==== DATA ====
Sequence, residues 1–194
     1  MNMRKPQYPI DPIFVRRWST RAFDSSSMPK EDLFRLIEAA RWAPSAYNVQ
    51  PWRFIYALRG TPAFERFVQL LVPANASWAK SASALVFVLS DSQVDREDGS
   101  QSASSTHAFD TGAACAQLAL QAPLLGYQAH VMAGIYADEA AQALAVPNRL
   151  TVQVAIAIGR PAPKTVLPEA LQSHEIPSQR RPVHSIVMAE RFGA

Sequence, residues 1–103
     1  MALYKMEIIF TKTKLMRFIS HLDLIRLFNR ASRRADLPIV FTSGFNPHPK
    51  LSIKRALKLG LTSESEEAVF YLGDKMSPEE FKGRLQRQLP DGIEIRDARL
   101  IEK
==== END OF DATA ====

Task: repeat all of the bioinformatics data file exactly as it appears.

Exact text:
Sequence, residues 1–194
     1  MNMRKPQYPI DPIFVRRWST RAFDSSSMPK EDLFRLIEAA RWAPSAYNVQ
    51  PWRFIYALRG TPAFERFVQL LVPANASWAK SASALVFVLS DSQVDREDGS
   101  QSASSTHAFD TGAACAQLAL QAPLLGYQAH VMAGIYADEA AQALAVPNRL
   151  TVQVAIAIGR PAPKTVLPEA LQSHEIPSQR RPVHSIVMAE RFGA

Sequence, residues 1–103
     1  MALYKMEIIF TKTKLMRFIS HLDLIRLFNR ASRRADLPIV FTSGFNPHPK
    51  LSIKRALKLG LTSESEEAVF YLGDKMSPEE FKGRLQRQLP DGIEIRDARL
   101  IEK